Monday, December 5, 2016

TV Review: WESTWORLD - Season 1

In an undefined future, a park has been created called Westworld, populated by artificial beings called hosts. They resemble humans in every possible way. They are made with blood and bones and are programmed for interaction with the humans who visit the park, called guests, for a whopping $40,000 a day. Based on the homonymous 1973 film by Michael Cricthon, Westworld takes the original idea to a whole new level with a sophistication and complexity worthy of a Nolan brother.

The story kicks off with a new update being uploaded to the hosts by Ford (Anothony Hopkins), the creator of the park. This update, known as called the reveries update, is a code that gives hosts unconscious access to their memories in order to obtain gestures and improvisational behaviors that will better the hosts' human resemblance and augment the authenticity of the experience for guests. However, when the park starts to register some minor strays from the normal administration of the park's story-lines, things start to seem like there's a lot more going on than what it looks like.

To talk about Westworld proves to be an incredibly daunting task given just how complicated the whole ordeal is. This is one of the biggest productions I have ever had the pleasure to experience both from film and TV. The sheer scale of content that is present in every one of the episodes is staggering. I cannot imagine what Lisa Joy and Jonathan Nolan must have done to keep up with this giant opera and the work that must have gone into keeping everything coherent to the rules of this world and develop every character in it, yet, in some unthinkable way, they pulled if off and have graced us with one of the best seasons of television I have ever seen and one of the most thrilling and beautifully structured stories of our time.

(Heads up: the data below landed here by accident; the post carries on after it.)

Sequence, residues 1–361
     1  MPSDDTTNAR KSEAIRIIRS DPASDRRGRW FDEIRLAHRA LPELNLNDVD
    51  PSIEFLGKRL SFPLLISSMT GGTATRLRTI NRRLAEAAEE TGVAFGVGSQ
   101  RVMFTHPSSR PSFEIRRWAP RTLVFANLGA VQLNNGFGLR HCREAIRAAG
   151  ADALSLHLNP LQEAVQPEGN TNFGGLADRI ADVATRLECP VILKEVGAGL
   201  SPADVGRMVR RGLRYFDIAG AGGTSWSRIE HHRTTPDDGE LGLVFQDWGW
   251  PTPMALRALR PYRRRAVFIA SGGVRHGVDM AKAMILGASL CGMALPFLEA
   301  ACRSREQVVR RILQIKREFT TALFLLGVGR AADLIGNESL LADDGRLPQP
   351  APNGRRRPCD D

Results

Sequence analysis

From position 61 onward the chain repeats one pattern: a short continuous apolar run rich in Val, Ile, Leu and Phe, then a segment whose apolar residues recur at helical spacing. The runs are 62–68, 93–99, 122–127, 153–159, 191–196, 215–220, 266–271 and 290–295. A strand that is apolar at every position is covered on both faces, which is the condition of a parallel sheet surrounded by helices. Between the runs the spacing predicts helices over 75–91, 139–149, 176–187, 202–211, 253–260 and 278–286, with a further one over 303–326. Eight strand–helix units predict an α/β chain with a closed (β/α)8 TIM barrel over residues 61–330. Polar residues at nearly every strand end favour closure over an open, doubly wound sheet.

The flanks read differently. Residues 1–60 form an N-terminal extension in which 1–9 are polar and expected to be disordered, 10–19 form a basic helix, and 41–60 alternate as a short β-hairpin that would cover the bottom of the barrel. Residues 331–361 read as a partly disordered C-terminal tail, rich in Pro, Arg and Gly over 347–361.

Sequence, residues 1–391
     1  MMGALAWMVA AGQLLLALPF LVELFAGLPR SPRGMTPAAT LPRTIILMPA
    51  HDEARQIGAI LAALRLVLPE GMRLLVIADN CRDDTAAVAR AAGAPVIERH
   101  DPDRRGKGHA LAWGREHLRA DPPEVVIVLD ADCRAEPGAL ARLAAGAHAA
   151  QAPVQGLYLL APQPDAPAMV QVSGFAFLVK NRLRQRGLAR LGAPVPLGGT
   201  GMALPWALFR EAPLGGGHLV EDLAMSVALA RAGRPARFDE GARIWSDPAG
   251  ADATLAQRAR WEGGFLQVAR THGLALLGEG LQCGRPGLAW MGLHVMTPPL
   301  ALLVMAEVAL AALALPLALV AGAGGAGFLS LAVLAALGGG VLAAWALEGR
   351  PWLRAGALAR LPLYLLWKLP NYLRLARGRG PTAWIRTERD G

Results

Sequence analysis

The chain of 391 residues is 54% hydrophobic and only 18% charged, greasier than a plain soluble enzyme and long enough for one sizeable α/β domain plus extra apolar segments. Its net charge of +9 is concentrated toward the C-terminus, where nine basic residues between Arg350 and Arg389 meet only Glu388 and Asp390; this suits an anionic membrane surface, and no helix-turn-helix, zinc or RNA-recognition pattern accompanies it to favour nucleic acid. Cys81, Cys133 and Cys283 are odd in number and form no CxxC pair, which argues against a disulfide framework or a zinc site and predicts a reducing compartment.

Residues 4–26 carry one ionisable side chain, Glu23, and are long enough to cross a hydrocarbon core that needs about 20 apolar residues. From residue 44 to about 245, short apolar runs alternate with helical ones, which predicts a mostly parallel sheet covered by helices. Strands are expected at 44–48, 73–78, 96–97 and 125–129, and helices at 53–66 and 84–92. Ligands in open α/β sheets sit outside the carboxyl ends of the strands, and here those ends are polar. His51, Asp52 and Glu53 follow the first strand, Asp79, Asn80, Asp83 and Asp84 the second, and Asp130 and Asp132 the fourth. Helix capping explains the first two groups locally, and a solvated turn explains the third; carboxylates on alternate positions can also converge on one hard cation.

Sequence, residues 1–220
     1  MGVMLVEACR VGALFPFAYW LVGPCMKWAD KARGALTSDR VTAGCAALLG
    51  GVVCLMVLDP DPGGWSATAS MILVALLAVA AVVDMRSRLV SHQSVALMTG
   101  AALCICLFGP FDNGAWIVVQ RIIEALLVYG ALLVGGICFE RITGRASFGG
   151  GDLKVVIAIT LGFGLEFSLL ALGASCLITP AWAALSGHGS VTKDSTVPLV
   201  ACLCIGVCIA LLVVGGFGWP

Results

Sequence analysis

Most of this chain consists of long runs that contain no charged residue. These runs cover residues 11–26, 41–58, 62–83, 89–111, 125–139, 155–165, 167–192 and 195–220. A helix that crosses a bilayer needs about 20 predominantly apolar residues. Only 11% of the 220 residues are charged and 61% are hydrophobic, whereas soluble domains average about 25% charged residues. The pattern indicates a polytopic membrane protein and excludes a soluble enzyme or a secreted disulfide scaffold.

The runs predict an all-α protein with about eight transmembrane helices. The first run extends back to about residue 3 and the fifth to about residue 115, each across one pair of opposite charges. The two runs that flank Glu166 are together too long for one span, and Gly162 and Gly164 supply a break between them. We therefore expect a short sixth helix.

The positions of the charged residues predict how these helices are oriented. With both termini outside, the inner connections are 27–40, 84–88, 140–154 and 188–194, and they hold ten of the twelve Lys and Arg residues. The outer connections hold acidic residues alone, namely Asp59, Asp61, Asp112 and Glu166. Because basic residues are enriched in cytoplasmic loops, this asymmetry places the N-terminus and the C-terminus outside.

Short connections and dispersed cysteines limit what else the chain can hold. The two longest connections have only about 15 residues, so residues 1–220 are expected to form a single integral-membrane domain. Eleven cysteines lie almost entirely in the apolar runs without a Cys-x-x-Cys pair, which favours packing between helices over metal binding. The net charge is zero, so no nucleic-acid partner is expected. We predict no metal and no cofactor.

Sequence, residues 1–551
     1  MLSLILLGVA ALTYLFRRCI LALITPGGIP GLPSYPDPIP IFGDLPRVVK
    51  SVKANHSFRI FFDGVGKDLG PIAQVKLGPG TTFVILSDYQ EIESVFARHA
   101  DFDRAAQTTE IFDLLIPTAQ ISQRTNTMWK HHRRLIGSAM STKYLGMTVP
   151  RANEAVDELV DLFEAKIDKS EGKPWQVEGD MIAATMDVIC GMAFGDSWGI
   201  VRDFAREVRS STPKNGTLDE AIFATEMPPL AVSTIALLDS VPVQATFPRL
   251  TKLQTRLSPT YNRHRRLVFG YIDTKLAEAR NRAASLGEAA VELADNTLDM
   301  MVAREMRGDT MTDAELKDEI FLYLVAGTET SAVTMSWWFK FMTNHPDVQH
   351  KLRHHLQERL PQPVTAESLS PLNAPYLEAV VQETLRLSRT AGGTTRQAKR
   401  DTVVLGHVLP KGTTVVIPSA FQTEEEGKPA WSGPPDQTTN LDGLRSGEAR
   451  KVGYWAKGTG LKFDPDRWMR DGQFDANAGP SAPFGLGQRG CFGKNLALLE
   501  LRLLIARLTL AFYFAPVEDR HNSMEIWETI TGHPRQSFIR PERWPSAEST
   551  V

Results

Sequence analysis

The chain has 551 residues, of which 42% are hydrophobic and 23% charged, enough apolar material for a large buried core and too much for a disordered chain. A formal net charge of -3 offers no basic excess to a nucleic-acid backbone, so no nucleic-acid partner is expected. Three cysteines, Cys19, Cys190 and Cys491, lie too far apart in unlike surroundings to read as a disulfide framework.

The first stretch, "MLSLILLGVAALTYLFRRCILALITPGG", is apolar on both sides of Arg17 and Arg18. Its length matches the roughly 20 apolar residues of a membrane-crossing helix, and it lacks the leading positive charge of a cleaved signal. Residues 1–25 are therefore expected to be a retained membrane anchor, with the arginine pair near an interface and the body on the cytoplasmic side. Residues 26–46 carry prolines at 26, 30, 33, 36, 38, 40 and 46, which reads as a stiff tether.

What the masterful 90-minute finale graced us with was a work of fiction that surpassed every possible expectation I had. It gave us everything we wanted and more, it was so good and so ingeniously built, it made the whole season even better than it was in previous episodes. Every story thread was given a meaning, every character a value and resolution, all of the doubts were cleared to the perfect level where they left just the right space for interpretation and all of the questions it left us with are questions that I will be glad to spend time with as I wait for the second season.

You see, there were doubts about the show. I had some myself, some people thought this whole gargantuan narrative was going to collapse unto itself, a couple of friends of mine even halted their watch because they started doubting the story as it was being presented to them. But, what Joy and Nolan have taught us here is that when your vision is as complete as theirs was, trusting your audience will lead to unimaginably satisfying payoffs. The whole mystery that was established from the first episodes: What is the Maze? Who is the Man in Black? Who is Arnold? When and where is this taking place? What is Ford's Plan? Every question that has accompanied us through the way of figuring out this puzzle leads to a fascinating story beat that gives the whole narrative a higher meaning. The more I think about the final episode the more I recognize its overwhelming genius and the more I start discovering and understanding past events.

As it seems right now, one might criticize this season for being purely based on its finale, on the questions it answers and the resolution it gives, but there could be nothing further from the truth. Every week we tuned in to watch and experience a wide range of magnificent characters journey through the mysteries of this land and every week we got to be participant in the complex moral conversation their stories aroused and tried to figure out what the whole picture would look like. Then the finale came and every single one of the characters' journies climaxed to its fullest potential and made the whole picture all the more significant.